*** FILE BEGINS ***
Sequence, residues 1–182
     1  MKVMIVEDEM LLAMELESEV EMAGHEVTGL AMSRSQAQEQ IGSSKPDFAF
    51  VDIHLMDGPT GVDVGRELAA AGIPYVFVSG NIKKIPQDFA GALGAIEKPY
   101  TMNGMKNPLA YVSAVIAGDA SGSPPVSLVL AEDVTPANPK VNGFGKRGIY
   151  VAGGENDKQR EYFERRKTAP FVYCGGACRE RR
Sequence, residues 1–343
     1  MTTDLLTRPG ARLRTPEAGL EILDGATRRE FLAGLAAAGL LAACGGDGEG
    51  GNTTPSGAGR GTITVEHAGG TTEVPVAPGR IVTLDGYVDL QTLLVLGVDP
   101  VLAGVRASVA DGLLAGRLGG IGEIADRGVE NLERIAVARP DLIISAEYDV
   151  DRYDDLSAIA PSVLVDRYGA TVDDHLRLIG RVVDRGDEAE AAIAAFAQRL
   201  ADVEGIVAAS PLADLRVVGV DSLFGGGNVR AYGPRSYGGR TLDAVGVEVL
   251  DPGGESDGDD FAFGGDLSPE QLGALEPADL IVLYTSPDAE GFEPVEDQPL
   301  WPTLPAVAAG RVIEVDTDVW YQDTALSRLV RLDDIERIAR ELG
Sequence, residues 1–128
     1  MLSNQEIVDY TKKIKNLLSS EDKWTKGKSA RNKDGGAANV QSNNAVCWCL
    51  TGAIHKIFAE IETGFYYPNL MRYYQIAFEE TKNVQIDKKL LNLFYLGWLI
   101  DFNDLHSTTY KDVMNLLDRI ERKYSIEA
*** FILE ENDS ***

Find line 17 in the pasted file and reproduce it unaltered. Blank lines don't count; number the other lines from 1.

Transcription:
   101  DFNDLHSTTY KDVMNLLDRI ERKYSIEA